It began with a seemingly wacky idea to reinvent banking as we know it. But no one is scoffing at peer-to-peer lending anymore -- least of all, Wall Street.

Barely a decade old, “P2P” has gone mainstream and is now being co-opted by some of the big financial players it was supposed to bypass.

Investment funds can’t get enough of this business, which involves lending to people over the Internet and hoping they pay you back. Investors are snapping up the loans directly, while the banks are bundling them into securities, much as they did with subprime mortgages.

Now peer-to-peer lending and its Internet enablers like LendingClub Corp., the industry leader, are being pulled into the high-octane world of derivatives. While many hail Wall Street’s growing involvement, others warn investors could get carried away, as they did during the dot-com era and again during the mortgage mania. The new derivatives could help people hedge their risks, but they could also lure speculators into the market.

“It feels like the year 2000 again,” said Frank Rotman, a partner at QED Investors, an Alexandria, Virginia-based venture- capital firm that has invested in Prosper Marketplace Inc., Social Finance Inc. and 13 other P2P lending platforms. “Everyone is chasing ’it,’ but they don’t know what ’it’ is, and that is kind of scary.”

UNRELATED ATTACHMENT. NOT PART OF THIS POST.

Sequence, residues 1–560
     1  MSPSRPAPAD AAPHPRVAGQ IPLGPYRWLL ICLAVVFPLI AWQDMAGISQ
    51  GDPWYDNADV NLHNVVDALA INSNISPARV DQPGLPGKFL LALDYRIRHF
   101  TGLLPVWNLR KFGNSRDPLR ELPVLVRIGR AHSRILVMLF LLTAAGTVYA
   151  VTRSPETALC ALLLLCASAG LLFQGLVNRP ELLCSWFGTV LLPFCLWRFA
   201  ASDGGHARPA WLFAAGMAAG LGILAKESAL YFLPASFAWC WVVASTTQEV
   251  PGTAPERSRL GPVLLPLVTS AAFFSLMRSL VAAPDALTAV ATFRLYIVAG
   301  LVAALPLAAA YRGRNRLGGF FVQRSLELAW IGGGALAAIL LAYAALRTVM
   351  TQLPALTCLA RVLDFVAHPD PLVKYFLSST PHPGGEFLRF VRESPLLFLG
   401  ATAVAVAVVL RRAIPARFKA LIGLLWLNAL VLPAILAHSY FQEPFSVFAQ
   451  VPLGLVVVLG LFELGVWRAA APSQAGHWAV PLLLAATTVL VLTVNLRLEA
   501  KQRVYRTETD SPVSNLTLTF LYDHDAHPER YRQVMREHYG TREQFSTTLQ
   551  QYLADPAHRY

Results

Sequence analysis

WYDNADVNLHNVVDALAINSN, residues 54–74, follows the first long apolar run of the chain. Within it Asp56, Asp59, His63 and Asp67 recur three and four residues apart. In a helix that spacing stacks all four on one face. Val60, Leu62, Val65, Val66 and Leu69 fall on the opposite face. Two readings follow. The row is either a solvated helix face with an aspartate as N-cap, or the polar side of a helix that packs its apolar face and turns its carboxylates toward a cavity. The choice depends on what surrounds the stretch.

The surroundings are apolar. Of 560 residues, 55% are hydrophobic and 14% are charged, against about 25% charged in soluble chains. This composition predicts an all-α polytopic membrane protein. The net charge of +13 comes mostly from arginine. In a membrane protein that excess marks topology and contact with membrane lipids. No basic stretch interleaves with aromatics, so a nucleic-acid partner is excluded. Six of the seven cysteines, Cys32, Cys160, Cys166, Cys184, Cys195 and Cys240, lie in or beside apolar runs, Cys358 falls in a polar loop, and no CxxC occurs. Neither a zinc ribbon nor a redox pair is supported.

Lured by Yield

It’s easy to see why investors are so enthusiastic. In today’s low-interest-rate world, high-quality P2P loans yield about 7.6 percent. Two-year U.S. Treasuries, by comparison, were yielding a mere 0.59 percent on Friday.

But P2P’s rapid growth also raises questions about the potential risks, including whether the firms involved might lower their standards to stay competitive. During the mortgage boom, Wall Street’s securitization machine fueled questionable lending practices. Derivatives tied to the debt were blamed for spreading their risks around the globe, and then amplifying investors’ losses when the housing market crashed.

Now a firm led by Michael Edman, a veteran of Morgan Stanley, is creating derivatives that will give investors a new way to bet for -- or against -- peer-to-peer loan performance. Edman has ridden credit booms before: he was a figure in “The Big Short,” Michael Lewis’s best-seller about the buildup to the housing bubble of the 2000s.